When a suspended Florida prosecutor goes to court this week to try to get his job back, there’s going to be one key witness the court won’t be hearing from.
Gov. Ron DeSantis, the governor who suspended State Attorney Andrew Warren in the first place, will not be required to testify under a judge’s ruling last week, according to WLRN-TV, a PBS station in Miami.
And that’s just as well. The oh-so-woke Warren has already said more than enough by himself to explain why he has no business being in the prosecution business.
In the Wednesday ruling, U.S. District Judge Robert Hinkle granted a motion by DeSantis attorneys who argued in a Nov. 19 court brief that forcing the governor to testify would violate the separation of powers between the executive branch and the judiciary, according to the Law & Crime website.
The ruling was a score not just for DeSantis, but for the American system of government. (It’s a system Warren should already be familiar with, considering he was elected to the state attorney’s job in Hillsborough County, twice, before DeSantis suspended him.)
Warren’s attorneys said last week they weren’t expecting to call DeSantis to testify in person, according to Politico. But Warren was singing a very different tune on Facebook in September.
“A federal judge ruled today that Gov. DeSantis has to come into court to explain the reasons why he suspended me,” Warren said in a video posted to Facebook on Sept. 19. “To show that it wasn’t political. And to show that it wasn’t a violation of my First Amendment rights and the rights of the voters of Hillsborough County to have the state attorney of their choice.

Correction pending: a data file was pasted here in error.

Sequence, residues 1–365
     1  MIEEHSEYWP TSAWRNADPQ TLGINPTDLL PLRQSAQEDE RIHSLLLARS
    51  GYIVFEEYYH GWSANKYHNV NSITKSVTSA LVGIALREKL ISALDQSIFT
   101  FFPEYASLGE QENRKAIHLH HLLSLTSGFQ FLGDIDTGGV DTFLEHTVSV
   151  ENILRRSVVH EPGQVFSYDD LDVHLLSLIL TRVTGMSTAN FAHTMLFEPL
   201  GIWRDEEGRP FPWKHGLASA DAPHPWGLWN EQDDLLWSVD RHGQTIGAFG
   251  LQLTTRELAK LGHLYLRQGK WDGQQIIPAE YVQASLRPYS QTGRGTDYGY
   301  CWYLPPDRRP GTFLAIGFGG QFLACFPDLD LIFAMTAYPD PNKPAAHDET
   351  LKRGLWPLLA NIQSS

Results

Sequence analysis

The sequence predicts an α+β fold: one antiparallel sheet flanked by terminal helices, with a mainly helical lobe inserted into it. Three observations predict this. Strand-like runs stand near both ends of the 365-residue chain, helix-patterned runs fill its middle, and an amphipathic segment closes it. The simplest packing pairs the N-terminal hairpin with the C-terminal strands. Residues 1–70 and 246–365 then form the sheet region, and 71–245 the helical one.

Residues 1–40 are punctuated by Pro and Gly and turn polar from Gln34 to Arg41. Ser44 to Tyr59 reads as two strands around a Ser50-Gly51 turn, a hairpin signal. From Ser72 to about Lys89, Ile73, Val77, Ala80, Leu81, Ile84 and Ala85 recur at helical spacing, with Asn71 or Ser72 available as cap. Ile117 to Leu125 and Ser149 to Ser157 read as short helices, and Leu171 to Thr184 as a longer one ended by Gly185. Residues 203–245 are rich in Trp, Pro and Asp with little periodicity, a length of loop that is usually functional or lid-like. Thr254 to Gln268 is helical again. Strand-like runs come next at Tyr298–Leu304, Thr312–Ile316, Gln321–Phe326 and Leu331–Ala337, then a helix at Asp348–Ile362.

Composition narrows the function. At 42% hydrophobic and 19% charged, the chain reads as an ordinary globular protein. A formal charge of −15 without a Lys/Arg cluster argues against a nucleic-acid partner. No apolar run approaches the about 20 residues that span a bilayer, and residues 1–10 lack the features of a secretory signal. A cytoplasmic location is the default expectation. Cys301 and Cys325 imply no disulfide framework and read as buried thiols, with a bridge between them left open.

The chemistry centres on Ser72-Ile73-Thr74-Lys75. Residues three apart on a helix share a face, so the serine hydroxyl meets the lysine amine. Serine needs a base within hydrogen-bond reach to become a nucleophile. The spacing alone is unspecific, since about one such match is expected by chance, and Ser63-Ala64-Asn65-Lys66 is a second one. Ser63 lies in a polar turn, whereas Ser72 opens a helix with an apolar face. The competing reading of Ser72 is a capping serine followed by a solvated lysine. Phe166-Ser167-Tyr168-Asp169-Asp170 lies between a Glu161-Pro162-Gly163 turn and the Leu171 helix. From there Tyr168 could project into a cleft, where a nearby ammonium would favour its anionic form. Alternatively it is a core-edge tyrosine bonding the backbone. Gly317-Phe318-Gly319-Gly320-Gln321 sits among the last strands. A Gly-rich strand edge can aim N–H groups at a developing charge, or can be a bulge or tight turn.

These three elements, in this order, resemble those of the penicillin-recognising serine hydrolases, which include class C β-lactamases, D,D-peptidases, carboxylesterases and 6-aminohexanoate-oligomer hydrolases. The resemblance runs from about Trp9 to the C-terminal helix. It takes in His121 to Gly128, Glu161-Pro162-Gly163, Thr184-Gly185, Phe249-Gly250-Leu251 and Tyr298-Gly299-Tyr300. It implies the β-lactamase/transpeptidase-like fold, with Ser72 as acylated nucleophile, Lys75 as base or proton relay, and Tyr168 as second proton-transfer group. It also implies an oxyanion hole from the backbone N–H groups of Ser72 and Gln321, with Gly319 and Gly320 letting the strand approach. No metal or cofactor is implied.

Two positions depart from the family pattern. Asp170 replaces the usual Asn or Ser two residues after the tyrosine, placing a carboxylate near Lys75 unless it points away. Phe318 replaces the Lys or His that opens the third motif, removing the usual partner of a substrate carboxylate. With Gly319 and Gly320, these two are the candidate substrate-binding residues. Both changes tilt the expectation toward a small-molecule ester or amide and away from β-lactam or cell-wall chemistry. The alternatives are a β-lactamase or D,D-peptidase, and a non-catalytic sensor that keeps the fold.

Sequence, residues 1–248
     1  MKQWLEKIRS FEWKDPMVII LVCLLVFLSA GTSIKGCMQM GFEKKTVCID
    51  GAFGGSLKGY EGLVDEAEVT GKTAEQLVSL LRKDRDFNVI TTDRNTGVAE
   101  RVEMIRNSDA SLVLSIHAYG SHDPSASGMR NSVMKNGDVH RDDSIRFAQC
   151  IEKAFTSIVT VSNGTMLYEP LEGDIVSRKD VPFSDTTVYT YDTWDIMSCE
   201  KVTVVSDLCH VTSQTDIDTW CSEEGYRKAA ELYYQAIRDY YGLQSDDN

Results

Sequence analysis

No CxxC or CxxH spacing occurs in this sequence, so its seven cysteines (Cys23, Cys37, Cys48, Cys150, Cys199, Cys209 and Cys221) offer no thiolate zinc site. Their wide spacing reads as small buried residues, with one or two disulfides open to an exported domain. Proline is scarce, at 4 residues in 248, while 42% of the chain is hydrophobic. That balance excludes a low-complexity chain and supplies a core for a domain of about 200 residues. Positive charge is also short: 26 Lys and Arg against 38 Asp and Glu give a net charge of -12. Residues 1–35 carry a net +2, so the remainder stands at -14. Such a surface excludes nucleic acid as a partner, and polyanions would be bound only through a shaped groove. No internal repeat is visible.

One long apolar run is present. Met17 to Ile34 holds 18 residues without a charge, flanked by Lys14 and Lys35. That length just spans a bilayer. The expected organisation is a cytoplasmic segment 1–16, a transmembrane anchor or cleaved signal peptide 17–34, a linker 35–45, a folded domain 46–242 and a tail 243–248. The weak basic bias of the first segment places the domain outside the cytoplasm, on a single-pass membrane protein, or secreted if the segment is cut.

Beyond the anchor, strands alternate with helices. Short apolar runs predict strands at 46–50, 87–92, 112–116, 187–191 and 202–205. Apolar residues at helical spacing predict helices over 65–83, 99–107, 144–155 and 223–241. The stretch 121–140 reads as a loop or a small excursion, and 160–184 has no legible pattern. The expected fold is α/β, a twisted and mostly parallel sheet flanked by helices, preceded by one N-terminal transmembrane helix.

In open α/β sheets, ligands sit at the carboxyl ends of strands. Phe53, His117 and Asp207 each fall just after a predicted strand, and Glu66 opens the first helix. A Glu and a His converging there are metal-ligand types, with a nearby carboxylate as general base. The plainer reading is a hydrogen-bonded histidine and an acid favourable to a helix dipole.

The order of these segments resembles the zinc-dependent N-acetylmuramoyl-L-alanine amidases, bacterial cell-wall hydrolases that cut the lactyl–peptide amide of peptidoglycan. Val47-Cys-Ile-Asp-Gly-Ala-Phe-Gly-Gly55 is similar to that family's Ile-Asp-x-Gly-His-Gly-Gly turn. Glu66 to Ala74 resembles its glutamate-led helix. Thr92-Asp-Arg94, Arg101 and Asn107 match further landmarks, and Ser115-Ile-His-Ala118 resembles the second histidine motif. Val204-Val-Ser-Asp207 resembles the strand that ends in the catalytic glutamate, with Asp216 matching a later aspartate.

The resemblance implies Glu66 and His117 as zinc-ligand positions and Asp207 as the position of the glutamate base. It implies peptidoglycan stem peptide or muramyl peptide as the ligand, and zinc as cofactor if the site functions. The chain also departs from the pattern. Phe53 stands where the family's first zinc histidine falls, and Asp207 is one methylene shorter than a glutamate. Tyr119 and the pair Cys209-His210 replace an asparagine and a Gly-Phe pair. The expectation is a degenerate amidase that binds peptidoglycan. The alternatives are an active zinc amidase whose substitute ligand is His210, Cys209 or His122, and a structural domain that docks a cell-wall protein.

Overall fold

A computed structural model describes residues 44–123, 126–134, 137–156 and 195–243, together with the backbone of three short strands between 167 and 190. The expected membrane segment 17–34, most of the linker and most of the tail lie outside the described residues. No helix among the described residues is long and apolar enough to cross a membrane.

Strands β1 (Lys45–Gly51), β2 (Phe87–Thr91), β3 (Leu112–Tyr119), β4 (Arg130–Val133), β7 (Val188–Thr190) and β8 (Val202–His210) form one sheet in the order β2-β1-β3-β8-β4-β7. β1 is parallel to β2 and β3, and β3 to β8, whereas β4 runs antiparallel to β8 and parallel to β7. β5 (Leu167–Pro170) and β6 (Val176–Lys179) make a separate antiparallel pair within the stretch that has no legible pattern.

“We look forward to Gov. DeSantis having to come into a court of law, where facts matter, to try to justify his decision.”
Yeah, well, that’s not likely to happen now.
“As things now stand, the governor’s not going to be testifying,” Hinkle said Wednesday, according to WLRN. “And I guess I should tell both sides I think it’s very unlikely that the situation would change.”
But here’s the thing: Everything important has already been said — and by the guy who’s bringing this lawsuit. As DeSantis pointed out when he suspended Warren, the so-called prosecutor had already made the reasons for the move public all by himself.
Warren — a Democrat, if you had to ask — was the only Florida prosecutor who signed onto a June statement with prosecutors from around the country pledging not to enforce state laws they disagreed with. The statement, issued in the wake of the Supreme Court’s Dobbs decision that overturned the 1973 Roe v. Wade decision that legalized abortion, was specifically aimed at laws criminalizing the procedure, but was actually an assault on the entire American system of government.
Legislatures pass laws. Governors sign laws (like the Florida law DeSantis signed in April banning abortion after 15 weeks of pregnancy).
Executive branches overseen by governors administer laws. If laws are broken, executive branches, through the state and federal justice systems — including state’s attorneys — prosecute violations of those laws. Prosecutors like Warren, who claim a right to pick and choose what laws their offices will enforce, are overturning one of the key elements of making the American system work.
When Warren signed that statement in June, he was declaring that, in Florida’s 13th Judicial District, he would consider himself and his office to be the final authority on laws in the state of Florida. No governor — in any state or from any political party — can accept that kind of blatant defiance of the constitutional system.
“The Constitution of Florida has vested the veto in the governor, not in individual state attorneys,” DeSantis said in announcing Warren’s suspension at an Aug. 4 news conference. “When you flagrantly violate your oath of office, when you make yourself above the law, you have violated your duty.”
There’s really nothing more that needs to be said on this point. Warren used a national platform to announce his position that he had the authority to essentially nullify acts passed by the Florida legislature and signed into law by the governor. He announced that he had every intention of doing so.
His rationale for that decision is irrelevant.
If there is any justice, it won’t take Hinkle anywhere near that long to decide it. As Warren put it when he was trying to sound tough in that September video, in a court of law, facts matter. And the facts of this case are clear.
DeSantis doesn’t need to take a witness stand to explain his action.
Warren has already said more than enough to explain it himself.
This article appeared originally on The Western Journal.